Wednesday, 28 July 2010

A slick, white-trash road movie with a complex plot that hangs off a journalist's interest in a murky crime, Bounty Hunter (dir Andy Tennant, 2010) brings to the fore the comedic talents of two seasoned actors. Gerard Butler plays Milo Boyd, a bounty hunter. (For fans outside the US, a bounty hunter is a person who tracks down people who have breached bail conditions and brings them in to the police.) His sidekick is ex-wife Nicole Hurley, played by Jennifer Aniston.

Hurley is a journalist investigating an alleged suicide. But she's in trouble with the law because she decided to go to meet a source instead of fronting up to a court appointment to answer for a traffic infringement. Boyd is asked to bring her in. Instead of this happening, the divorced couple embark on a frantic search for the person responsible for the apparent suicide.

And love is always in the air in a brittle way that reminds you of some of Shakespeare's comedies, the ones where pretty, haughty women trade acerbic banter with handsome, cocksure males out in some remote French forest.

To spice up the romance, the filmmakers included a goofy Lothario in the person of Stewart (Jason Sudeikis), whose pants are too daggy, whose sweater is too pink, and who looks utterly ridiculous in a high-end Mini Cooper. Stewart adores Nicole, who cannot abide his advances and routinely brushes him off as she tracks down the murderer.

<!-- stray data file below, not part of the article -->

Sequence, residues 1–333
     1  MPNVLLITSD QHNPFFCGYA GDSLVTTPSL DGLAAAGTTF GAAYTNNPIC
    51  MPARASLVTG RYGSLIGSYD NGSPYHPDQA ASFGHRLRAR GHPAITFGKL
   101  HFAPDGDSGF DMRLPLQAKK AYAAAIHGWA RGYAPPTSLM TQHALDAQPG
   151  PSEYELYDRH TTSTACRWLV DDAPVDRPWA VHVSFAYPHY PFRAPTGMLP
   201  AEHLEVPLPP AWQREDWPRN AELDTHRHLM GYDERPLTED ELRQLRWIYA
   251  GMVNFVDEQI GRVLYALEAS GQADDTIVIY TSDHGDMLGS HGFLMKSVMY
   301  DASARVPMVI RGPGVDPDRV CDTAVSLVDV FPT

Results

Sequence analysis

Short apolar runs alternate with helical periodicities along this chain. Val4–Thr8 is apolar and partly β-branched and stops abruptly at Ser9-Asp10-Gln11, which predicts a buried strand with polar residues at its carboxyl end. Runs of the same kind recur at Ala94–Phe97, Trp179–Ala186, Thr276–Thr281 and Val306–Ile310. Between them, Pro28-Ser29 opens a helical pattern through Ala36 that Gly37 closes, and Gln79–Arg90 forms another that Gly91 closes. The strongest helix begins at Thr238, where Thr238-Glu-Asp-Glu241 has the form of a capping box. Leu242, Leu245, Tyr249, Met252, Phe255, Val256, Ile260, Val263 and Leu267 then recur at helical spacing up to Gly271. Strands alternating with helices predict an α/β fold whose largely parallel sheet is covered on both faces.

The chase takes the two protagonists to a race track, a country club, an "adorable" bed-and-breakfast, a casino, a tattoo parlour, and finally to the police repository where the final drama plays out. In addition, Nicole's saucy mother is an Atlantic City torch-song belle who starts drinking, it seems, at 11am just after she has removed herself from her twisted bedsheets. The fact that the last scene takes place in a jail cell tells you how low the filmmakers have aimed this self-consciously "edgy" romantic comedy.

But it's not all bad - mainly due to the acting talents of the leads. For a laugh the film can be heartily recommended, but don't expect to be swept off your feet. To be a tad swayed away from the vertical is all that the discerning viewer can reasonably expect from this lightweight film.

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